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Physics Education Research Conference 2013
July 17, 2013 - July 18, 2013 in Portland, OR
From Fearing Physics to Having Fun with Physics: Exploring the Affective Domain of Physics Learning from Multiple Perspectives
Responses to learning physics are strongly emotional, for better or worse. While many students fear physics, an implicit goal that drives many PER researchers is the desire to cultivate in our students a love of the discipline. Nonetheless, affective issues are rarely explicitly addressed in our research or curricula. This may reveal a tacit assumption within our community that such "hot cognition" has little bearing on the "cold cognition" conceptual goals of physics. Recent research calls such assumptions into question, and the goal of this PERC is to highlight research across many disciplines that demonstrate the role of affect in science education.
Researchers from various fields, including educational psychology, neuroscience and the social sciences, have underscored the central role of affect in cognition. In cognitive science, researchers have shown that affect plays a central role in a variety of cognitive endeavors that are relevant to the learning of physics, including decision-making, attention, problem-solving, persistence, evaluations and judgments. In the social sciences, researchers have pointed to the close entwinement of affect to issues of identity, epistemology, agency, and a belonging to a community. While affect was once seen as a hindrance to cognition, this wide array of research seems to be converging towards a common theme: affect is fundamental to cognition. As a community, attending to affective issues in the teaching and learning of physics is pivotal to our understanding of students' engagement, achievement, and retention in the discipline.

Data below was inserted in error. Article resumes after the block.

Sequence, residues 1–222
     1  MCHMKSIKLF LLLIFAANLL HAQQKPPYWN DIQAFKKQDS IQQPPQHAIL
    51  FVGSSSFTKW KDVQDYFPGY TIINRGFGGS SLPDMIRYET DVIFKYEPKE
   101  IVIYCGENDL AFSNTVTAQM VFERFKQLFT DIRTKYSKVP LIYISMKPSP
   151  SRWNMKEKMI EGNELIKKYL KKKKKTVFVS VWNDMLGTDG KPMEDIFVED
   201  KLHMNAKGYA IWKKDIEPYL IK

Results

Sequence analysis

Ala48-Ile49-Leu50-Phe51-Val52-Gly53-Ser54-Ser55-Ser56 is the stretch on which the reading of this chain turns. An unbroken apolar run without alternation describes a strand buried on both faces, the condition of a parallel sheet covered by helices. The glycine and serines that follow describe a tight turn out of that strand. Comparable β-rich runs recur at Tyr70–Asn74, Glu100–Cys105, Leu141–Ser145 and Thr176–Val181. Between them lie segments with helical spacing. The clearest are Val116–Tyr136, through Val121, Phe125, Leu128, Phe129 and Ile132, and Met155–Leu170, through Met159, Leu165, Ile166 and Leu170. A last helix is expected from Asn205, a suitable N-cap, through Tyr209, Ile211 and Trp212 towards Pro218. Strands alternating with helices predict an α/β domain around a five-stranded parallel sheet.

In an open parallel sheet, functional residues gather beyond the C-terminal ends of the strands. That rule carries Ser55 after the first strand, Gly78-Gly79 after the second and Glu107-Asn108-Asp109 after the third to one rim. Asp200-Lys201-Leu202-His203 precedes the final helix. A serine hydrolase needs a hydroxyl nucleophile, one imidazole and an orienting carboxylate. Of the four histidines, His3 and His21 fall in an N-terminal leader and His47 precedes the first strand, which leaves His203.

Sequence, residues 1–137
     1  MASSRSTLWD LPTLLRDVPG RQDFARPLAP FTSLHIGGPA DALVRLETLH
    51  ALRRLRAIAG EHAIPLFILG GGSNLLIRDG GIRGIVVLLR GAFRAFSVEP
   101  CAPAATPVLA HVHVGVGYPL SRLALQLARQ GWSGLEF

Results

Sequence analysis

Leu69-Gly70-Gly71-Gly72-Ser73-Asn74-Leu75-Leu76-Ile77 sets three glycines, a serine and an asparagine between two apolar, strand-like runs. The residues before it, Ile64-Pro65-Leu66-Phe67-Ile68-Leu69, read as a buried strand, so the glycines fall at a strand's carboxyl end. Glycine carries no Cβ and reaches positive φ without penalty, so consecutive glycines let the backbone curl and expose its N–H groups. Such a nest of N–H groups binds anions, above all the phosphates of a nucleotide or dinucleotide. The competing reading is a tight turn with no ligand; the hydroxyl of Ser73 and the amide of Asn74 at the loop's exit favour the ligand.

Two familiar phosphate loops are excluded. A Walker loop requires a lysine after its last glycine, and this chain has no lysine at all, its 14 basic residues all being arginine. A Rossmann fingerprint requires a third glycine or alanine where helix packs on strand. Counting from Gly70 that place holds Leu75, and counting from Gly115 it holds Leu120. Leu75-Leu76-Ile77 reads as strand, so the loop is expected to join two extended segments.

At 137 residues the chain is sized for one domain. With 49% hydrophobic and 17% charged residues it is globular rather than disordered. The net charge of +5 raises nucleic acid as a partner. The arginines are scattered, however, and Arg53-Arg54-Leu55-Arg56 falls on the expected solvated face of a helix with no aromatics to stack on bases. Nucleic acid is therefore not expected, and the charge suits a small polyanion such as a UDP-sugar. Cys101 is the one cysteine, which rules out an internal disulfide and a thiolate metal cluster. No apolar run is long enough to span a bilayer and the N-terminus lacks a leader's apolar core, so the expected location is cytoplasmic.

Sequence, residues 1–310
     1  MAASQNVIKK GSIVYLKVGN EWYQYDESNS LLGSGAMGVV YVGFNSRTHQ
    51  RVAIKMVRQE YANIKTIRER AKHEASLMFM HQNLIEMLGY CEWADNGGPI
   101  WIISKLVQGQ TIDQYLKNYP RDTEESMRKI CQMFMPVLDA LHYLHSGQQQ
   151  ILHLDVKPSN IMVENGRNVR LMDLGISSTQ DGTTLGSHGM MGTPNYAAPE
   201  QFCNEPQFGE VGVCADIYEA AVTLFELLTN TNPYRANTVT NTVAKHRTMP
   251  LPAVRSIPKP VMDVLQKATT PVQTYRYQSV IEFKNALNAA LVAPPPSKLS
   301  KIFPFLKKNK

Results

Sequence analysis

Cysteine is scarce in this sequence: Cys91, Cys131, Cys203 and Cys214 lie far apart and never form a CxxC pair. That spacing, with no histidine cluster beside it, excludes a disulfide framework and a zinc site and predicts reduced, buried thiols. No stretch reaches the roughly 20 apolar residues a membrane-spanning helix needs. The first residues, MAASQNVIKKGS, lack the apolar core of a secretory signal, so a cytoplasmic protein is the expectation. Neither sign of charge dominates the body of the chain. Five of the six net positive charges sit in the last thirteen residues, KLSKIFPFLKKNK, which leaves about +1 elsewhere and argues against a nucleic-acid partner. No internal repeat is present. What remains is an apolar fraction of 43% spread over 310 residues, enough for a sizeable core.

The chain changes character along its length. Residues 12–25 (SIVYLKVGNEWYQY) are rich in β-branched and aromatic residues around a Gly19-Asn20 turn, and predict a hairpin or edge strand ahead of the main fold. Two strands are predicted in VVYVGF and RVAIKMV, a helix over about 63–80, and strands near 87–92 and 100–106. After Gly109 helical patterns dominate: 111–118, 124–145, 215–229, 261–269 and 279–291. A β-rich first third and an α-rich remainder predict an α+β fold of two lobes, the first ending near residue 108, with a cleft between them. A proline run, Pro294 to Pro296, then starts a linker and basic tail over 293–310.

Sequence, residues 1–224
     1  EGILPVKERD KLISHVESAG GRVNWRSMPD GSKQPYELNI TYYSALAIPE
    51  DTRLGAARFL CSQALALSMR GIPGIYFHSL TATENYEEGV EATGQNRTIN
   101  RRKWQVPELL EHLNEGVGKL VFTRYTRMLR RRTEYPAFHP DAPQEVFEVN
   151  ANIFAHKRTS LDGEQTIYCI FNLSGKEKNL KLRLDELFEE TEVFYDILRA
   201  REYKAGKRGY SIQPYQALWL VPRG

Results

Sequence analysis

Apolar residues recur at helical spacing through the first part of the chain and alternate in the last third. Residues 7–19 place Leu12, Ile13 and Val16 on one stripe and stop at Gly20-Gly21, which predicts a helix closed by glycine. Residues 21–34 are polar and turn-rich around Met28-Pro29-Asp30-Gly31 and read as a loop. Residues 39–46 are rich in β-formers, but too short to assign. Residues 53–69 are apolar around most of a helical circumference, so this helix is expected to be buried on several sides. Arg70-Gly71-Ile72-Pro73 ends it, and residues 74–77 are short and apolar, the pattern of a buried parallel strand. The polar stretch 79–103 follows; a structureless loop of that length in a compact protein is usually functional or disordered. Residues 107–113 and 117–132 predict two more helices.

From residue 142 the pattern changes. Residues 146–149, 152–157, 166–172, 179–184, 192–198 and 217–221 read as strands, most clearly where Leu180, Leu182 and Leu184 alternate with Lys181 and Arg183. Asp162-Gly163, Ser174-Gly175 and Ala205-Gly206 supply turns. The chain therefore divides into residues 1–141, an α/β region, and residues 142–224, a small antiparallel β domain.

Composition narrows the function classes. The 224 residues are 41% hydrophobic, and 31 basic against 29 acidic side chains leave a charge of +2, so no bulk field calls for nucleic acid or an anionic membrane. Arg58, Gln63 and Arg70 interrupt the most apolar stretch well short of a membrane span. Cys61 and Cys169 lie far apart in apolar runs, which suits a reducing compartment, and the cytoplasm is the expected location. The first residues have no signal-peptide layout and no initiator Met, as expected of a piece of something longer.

The central goal of PERC2013 was to consider affect in physics education from multiple disciplinary perspectives. The sessions were designed to explicitly attend to affect in the teaching and learning of physics, in part by incorporating active engagement and experiential learning techniques. Since the best cross-pollination of ideas often happens outside a seminar room, we incorporated a blending of social, academic, and online spaces utilizing local coffee and chocolate shops and innovative crowd-sourcing technology.
Additional details are available in the Conference Program (.pdf).
Authors of accepted abstracts may attach an electronic version of their poster to their abstract.
Conference DetailsPlenary Speakers
Organizing CommitteeDedra Demaree, Oregon State University
Leslie Atkins, California State University Chico
Luke Conlin, Stanford University
Sissi Li, California State University Fullerton
Yuhfen Lin, Florida International University